After you retire, “You become a bit of a leftist,” says Yaakov Peri – a startling comment considering the job he retired from: head of the Israeli security agency, Shin Bet. ‘The Gatekeepers’ the Oscar-nominated documentary in which Israeli filmmaker Dror Moreh talks to six former heads of Shin Bet, is the very definition of a film that sounds boring but is totally fascinating and unexpected.
Peri’s comment expresses the surprising essence of the film, in which the men – whose identities were kept under wraps for most of their careers – look back on their years running the agency, a period that together covers the last three decades. They are ostensibly answering questions about the West Bank and Gaza settlements, but their observations are more deeply about the effectiveness (or not) of the occupation, about anti-terrorism, clandestine surveillance, turning enemy agents, the commonplace reality of torture, and in one of the most recurring themes, the way moral and ethical questions are shunted aside in favor of making any single operation succeed.
The film’s tone is non-judgmental, as the camera simply lets the men talk. Sometimes they talk about each other. The most chilling figure is Avraham Shalom, who shlumps in a checkered shirt and suspenders looking like he’s ready for a remake of ‘Grumpy Old Men,’ but whose tenure was considered especially draconian and who sounds blase about the job’s amorality. In contrast, Peri and Ami Ayalon have precise military bearing and piercing directness, but sound positively dovish as they reconsider the past, with none of the “just following orders” recitations or defensiveness you might expect.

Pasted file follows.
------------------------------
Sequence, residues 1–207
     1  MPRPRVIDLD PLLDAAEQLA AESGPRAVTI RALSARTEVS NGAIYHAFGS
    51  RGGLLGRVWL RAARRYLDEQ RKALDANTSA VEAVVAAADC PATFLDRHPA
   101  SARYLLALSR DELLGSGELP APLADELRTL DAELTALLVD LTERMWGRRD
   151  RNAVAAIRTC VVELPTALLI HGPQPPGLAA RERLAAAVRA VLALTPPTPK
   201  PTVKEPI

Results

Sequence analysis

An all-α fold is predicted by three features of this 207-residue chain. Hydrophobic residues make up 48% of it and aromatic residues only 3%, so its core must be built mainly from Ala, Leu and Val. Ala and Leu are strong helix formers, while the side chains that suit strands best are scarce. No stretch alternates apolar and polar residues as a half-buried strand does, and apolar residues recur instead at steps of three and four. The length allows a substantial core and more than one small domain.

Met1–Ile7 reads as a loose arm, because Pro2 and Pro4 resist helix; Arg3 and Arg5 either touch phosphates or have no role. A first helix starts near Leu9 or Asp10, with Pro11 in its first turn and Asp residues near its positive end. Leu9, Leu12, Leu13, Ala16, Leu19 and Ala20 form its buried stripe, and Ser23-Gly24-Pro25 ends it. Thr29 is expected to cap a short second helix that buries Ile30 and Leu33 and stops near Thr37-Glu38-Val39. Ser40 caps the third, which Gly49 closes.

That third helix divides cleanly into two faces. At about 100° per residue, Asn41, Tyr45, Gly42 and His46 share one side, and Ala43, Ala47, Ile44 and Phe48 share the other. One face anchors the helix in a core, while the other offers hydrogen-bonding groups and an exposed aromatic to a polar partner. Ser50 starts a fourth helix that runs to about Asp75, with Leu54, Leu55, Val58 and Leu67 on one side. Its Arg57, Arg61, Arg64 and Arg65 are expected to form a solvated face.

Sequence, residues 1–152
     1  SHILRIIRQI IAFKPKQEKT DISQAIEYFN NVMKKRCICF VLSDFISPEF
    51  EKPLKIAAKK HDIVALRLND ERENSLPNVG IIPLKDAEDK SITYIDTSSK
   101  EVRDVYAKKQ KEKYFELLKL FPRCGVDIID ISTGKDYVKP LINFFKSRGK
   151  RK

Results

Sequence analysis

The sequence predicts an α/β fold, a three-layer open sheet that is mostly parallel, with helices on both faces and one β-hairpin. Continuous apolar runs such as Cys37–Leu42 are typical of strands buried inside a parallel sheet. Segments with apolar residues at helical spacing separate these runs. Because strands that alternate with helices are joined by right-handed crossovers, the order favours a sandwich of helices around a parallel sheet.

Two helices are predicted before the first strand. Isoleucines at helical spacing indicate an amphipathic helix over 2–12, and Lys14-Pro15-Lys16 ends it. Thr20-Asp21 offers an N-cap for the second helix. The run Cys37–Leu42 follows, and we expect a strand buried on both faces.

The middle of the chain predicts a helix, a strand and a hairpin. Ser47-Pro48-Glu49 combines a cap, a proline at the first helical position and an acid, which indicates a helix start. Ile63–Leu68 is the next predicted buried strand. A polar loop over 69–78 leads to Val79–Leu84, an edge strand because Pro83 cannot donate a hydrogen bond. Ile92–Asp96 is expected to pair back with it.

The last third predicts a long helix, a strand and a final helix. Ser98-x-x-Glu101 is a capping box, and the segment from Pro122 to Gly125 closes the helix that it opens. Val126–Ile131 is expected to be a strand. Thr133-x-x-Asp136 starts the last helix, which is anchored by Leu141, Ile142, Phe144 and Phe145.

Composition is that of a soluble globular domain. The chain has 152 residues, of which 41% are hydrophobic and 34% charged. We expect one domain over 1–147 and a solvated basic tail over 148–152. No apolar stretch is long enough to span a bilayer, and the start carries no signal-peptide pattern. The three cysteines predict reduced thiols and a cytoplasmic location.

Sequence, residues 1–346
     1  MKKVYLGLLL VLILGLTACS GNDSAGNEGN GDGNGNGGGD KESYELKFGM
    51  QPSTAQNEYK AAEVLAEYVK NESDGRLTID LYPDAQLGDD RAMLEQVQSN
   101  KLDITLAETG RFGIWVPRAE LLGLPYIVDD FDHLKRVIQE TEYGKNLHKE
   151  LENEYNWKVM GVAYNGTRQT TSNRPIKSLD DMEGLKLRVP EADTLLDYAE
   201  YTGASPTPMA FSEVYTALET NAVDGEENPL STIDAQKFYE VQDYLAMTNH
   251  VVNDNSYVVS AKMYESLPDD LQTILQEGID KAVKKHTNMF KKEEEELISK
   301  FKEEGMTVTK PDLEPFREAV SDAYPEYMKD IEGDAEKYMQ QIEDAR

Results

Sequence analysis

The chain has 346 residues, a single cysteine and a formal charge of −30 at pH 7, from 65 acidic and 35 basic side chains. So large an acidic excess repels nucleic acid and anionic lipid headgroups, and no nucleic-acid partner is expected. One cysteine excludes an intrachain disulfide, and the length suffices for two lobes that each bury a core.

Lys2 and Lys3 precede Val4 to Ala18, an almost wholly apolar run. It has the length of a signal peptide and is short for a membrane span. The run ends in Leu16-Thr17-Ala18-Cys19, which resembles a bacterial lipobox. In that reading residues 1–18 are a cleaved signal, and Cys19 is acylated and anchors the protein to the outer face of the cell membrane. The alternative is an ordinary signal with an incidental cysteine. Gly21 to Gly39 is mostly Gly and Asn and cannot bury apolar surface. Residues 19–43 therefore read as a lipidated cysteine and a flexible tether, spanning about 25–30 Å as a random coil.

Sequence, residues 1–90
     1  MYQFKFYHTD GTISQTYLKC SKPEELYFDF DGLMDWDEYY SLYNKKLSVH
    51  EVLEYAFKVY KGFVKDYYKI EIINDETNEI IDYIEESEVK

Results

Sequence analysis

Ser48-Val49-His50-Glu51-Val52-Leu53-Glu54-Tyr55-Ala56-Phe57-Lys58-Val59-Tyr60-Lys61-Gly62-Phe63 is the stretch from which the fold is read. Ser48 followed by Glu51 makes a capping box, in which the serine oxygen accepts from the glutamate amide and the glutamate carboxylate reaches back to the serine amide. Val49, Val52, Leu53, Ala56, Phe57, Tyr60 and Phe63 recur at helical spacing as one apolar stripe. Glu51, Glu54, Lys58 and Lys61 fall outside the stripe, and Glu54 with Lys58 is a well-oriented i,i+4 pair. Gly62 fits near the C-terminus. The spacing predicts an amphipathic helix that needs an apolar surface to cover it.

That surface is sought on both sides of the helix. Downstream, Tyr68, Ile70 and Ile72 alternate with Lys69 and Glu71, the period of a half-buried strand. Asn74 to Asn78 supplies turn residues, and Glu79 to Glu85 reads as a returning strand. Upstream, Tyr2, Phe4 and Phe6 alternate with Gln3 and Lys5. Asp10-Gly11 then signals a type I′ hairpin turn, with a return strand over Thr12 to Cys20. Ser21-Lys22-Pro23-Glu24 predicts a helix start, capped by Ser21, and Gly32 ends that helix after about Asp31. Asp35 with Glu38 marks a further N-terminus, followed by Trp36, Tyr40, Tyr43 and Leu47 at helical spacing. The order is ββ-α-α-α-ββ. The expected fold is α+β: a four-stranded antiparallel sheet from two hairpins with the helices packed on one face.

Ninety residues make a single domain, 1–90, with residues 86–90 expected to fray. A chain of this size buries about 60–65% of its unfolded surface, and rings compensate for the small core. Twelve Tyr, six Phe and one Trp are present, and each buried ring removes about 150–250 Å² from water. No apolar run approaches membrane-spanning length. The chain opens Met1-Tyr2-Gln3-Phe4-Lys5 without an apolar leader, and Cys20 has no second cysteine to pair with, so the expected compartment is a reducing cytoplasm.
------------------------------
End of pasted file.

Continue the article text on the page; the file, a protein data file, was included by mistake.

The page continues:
Overall, the men suggest that no good can come of the settlements, and that even the best prospect for peace – a two-state solution – is a mirage. They are also very explicit about how right-wing violence in Israel has derailed the most promising attempts to find that peace.
‘The Gatekeepers,’ which was at the New York Film Festival and had a qualifying week-long awards run last year, was recommended as an amazing film by people with no strong political agenda – but that advice is a little misleading, because there is no bravura artistry on display in this very straightforward, tenacious work. The few flourishes are unfortunate, including distracting computer enhancements and a recreated video of a bus highjacking.
Moreh’s film may be superficially full of talking heads, but its substance is incredibly rich and valuable. The former leaders of Shin Bet might make you think that open-mindedness can flourish in the Middle East — if only the word “former” didn’t make their dovish attitudes seem much too late.